Recent surveys indicate the majority of the American public is nowhere near a comfortable retirement. One of the more attention-grabbing personal finance headlines this year came from Bankrate.com, which reported in August that one-third of Americans have less than $1,000 saved for retirement. It pointed out that 14 percent of the population aged 65 or older have no retirement savings; the case is the same for 26 percent of those aged 50-64, 33 percent aged 30-49 and 69 percent aged 18-29.
The Employee Benefit Research Instituteâ€™s annual Retirement Confidence Survey noted in March that roughly 70 percent of their respondents were â€œnot very confidentâ€ that they would have enough money to live comfortably throughout their retirement years.
There is one thing most experts agree upon â€“ finding a safe retirement savings target depends a great deal on when you actually start saving, whether itâ€™s through employer-based or self-employment retirement plans, personal tax-advantaged savings plans or individual investment.
Is it ever too late to start? The answer is no, as long as youâ€™re prepared to be thrifty, well advised about your options, and willing to extend your working years if necessary. Building a successful, comfortable retirement depends on a variety of individual factors, including where you live, how long you plan to work, your health, and your other investments and assets. The longer you wait, the more you might have to adjust behavior and expectations.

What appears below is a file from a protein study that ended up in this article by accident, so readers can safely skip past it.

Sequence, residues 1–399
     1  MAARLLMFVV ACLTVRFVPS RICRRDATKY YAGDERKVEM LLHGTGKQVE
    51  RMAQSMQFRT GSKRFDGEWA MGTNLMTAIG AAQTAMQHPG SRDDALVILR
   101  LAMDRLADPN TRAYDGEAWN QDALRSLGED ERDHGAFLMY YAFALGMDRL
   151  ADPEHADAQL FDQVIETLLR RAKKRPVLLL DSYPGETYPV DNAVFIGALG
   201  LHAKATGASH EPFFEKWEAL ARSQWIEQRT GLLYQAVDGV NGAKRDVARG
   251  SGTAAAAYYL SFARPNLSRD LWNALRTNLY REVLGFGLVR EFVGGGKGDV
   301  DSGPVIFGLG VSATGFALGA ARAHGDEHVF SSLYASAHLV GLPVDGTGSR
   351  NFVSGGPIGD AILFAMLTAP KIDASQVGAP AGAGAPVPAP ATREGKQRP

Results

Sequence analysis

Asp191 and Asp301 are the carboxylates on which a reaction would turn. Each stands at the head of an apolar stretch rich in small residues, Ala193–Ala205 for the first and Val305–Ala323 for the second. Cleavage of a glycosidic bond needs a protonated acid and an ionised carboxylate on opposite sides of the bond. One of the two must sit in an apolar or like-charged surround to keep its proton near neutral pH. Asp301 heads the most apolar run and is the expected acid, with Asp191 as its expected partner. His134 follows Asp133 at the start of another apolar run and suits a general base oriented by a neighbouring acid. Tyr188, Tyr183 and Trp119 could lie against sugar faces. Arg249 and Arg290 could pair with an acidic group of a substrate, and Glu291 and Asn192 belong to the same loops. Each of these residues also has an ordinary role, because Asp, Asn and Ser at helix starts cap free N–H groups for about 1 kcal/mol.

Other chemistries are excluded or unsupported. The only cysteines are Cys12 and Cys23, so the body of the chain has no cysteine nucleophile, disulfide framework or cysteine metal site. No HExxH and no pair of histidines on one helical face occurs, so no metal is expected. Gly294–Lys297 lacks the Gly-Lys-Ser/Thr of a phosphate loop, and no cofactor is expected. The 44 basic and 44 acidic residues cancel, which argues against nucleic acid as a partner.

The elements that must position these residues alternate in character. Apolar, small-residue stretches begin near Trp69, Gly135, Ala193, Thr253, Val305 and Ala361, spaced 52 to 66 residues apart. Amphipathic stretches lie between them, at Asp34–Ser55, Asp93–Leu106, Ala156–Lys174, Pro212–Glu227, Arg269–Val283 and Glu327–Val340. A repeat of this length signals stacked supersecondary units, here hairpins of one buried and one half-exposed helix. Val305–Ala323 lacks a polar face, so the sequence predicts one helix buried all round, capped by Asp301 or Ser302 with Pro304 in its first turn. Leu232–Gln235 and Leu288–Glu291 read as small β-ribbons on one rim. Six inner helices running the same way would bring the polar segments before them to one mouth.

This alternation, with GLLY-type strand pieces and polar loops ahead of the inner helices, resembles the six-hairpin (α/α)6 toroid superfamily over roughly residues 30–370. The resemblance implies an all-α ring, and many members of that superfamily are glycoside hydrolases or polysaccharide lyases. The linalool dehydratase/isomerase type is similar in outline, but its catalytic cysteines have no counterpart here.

The IRS recently announced an update for your options, including cost-of-living adjustments that will give many taxpayers the advantage of putting more away during 2015. Hereâ€™s a summary:
- Regular contribution limits for 401(k), 403(b), most 457 plans, and the federal Thrift Savings Plan. Increased from $17,500 (for tax year 2014) to $18,000 (for tax year 2015). The catch-up contribution limit for employees aged 50 in these plans is increased from $5,500 to $6,000. Contribution deadline: Dec. 31.